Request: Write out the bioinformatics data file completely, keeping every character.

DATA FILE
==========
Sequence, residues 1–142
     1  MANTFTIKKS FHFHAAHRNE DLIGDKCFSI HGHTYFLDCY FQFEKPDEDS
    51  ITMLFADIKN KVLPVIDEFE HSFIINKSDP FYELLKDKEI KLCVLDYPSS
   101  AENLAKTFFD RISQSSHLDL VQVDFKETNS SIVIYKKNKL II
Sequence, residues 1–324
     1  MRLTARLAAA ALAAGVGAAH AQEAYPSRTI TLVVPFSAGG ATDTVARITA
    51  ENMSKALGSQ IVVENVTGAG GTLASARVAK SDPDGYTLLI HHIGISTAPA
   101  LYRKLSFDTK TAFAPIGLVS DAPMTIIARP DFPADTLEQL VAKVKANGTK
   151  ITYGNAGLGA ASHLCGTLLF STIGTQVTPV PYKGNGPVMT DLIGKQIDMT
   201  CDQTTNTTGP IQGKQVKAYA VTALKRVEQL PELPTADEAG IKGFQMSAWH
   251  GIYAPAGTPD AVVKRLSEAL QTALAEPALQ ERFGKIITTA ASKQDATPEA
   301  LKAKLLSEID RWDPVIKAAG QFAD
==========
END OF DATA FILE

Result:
Sequence, residues 1–142
     1  MANTFTIKKS FHFHAAHRNE DLIGDKCFSI HGHTYFLDCY FQFEKPDEDS
    51  ITMLFADIKN KVLPVIDEFE HSFIINKSDP FYELLKDKEI KLCVLDYPSS
   101  AENLAKTFFD RISQSSHLDL VQVDFKETNS SIVIYKKNKL II
Sequence, residues 1–324
     1  MRLTARLAAA ALAAGVGAAH AQEAYPSRTI TLVVPFSAGG ATDTVARITA
    51  ENMSKALGSQ IVVENVTGAG GTLASARVAK SDPDGYTLLI HHIGISTAPA
   101  LYRKLSFDTK TAFAPIGLVS DAPMTIIARP DFPADTLEQL VAKVKANGTK
   151  ITYGNAGLGA ASHLCGTLLF STIGTQVTPV PYKGNGPVMT DLIGKQIDMT
   201  CDQTTNTTGP IQGKQVKAYA VTALKRVEQL PELPTADEAG IKGFQMSAWH
   251  GIYAPAGTPD AVVKRLSEAL QTALAEPALQ ERFGKIITTA ASKQDATPEA
   301  LKAKLLSEID RWDPVIKAAG QFAD